The story of New Zealand’s buzzing coffee culture starts in the early 1990s. Foodies are likely to credit Wellington’s Caffe L’Affare, Havana Coffee and Coffee Supreme as the first café-cum-roasters in the country to elevate New Zealand as a brew-capital of the world, now famous for its hard-hitting espressos and the iconic flat white. Your standard coffee here is good — very good. And the Kiwis know it. With a surplus of new coffee shops dotting both the North and South Islands, you’re never far from a decent cup. Let these standout five coffee shops simply be your points of reference. Just beware the fluffy.
Auckland: Craig Miller runs a tight ship at his small Auckland joint, specializing in one thing: espresso. He and his team have been serving up the same “green” blend since 1988, sourcing beans from New Guinea, Colombia and Kenya, then roasting them on location. It’s a damn fine shot, perhaps Auckland’s best, and an enduring testament that when you’ve got things right, don’t ever change.
31 Cross Street. 7:30 a.m. – 1:00 p.m., Monday through Friday.
Havana Coffee Works
Wellington: Dissatisfied with the quality of roasts they were getting on conventional drum roasters, Geoff Marsland and Tim Rose, the founders of Wellington’s Havana Coffee, enlisted the help of friend and inventor Russell Collins to design and build New Zealand’s first fluid-bed, hot-air roaster. The result is a roast that preserves both the integrity of the beans’ natural flavors and their high caffeine content. Though not for the faint of heart, Havana Coffee is good and strong, carrying chef Al Brown’s stamp of approval: their beans are a mainstay at his string of restaurants in Auckland.
163 Tory Street. 7:30 a.m. – 5:00 p.m., Monday through Friday.
Glossary: How to Say “Coffee” in Kiwi
Short Black — single or double espresso served in a demitasse
Long Black — double espresso served with equal parts water (similar to an americano)
Flat White — double shot espresso served with two parts lightly textured milk
Drip — drip brew, usually extracted from Chemex, V60 or SwissGold
Fluffy — a demitasse filled with steamed milk, topped with sprinkles, and served with marshmallows (yes, they’re for real, and kids love them)
Red Rabbit Coffee Co.
Wellington: Though the baristas working at Red Rabbit take their craft seriously, their mission is to translate that passion into a really great cup of coffee, not to make patrons feel ashamed for asking questions about the finer details of craft coffee culture. In a small space next door to the Wellington Chocolate Factory, they roast in the back of the shop, serving up fresh, expertly pulled espressos and aero press-filtered coffee. If you carry a smile, they’ll even show you how to do it yourself and walk you through the tasting notes of their variety of blends and single origins.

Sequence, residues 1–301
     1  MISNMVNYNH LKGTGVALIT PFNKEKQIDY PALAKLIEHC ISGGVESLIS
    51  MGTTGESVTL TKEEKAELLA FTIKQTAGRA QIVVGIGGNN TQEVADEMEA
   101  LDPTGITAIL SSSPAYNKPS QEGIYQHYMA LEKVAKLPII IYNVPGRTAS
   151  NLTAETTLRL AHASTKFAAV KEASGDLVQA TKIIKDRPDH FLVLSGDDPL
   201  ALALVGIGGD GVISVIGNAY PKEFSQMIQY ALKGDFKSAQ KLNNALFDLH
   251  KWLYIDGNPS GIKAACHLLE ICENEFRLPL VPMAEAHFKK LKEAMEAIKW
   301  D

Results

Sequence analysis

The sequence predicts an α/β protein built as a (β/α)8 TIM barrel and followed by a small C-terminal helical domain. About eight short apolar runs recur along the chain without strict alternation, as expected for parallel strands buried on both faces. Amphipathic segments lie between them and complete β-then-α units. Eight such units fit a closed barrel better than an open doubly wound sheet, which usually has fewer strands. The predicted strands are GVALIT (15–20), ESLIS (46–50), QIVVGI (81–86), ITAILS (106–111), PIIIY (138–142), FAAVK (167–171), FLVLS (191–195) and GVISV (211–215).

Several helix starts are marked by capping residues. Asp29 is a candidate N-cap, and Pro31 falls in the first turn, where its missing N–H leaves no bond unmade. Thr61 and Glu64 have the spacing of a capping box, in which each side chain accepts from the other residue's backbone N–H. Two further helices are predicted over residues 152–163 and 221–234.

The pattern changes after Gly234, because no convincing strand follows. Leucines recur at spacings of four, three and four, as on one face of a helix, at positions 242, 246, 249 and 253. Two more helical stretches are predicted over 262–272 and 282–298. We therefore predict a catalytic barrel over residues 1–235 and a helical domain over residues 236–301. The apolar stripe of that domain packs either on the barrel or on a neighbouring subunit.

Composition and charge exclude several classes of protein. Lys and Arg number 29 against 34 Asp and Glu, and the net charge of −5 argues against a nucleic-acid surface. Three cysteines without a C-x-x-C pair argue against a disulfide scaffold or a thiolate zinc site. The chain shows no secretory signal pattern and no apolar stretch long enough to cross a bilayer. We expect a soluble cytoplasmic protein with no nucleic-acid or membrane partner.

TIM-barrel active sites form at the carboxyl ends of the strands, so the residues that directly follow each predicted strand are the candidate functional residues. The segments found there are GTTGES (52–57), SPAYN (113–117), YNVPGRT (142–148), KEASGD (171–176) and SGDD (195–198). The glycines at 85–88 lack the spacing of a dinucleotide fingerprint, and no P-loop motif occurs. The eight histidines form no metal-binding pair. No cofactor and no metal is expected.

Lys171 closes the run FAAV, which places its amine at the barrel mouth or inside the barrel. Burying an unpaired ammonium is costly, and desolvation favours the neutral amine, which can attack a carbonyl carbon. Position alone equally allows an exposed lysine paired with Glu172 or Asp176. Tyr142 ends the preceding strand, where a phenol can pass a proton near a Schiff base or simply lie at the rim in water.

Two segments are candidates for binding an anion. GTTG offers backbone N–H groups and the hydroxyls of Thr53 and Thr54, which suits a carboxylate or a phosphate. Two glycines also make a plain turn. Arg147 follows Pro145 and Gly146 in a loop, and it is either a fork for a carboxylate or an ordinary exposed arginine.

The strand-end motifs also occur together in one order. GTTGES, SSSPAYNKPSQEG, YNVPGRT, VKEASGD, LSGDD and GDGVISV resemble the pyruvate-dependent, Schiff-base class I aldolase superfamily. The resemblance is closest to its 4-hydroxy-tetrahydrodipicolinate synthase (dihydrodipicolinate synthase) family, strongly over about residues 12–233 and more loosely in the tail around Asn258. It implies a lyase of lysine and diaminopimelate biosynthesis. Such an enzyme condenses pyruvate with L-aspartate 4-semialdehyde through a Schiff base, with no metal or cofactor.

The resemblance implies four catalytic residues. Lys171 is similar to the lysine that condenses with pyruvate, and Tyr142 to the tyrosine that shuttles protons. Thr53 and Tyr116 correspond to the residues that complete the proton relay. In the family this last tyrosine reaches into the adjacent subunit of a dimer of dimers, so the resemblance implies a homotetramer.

Unit 6G, 14 Leeds Street. 7:30 a.m. – 3:30 p.m., Monday through Friday; 8:30 a.m. – 4:00 p.m., Saturday.
The Flight Coffee Hangar
Wellington: Helmed by a handful of self-proclaimed “coffee nerds,” Flight Coffee is among New Zealand’s largest wholesale distributors of roasted coffee around the country. They also serve up their proprietary blends and single origins via their Wellington café and bar, The Flight Coffee Hangar, specializing in a variety of extraction methods and drinks. “The goal was never to be the biggest,” says Nick Clark, the head of wholesale operations and an award-winning barista. “Just the best.” He and the rest of his crew are certainly up there, and they have the goods the prove it. Their flat white sampler, served on a wooden tray that mimics a flight of craft beer, is an excellent place to start.
119 Dixon Street. 7:00 a.m. – 5:00 p.m., Monday through Friday; 8:00 a.m. – 5:00 p.m., Saturday and Sunday.
Christchurch: The opening of Supreme Supreme in April of 2015 marks the second coming of Coffee Supreme to the South Island. The company, like much of Christchurch, was heavily affected by the catastrophic earthquake of 2011, and they were forced to rebuild the operation from the ground up. In addition to knockout coffee and espresso drinks from Coffee Supreme’s proprietary roasts, the new facility houses a very respectable café, serving up quality breakfast and lunch dishes worth checking out.
10 Welles Street. 7:00 a.m. – 4:00 p.m., Monday through Friday; 8:00 a.m. – 4:00 p.m., Saturday and Sunday.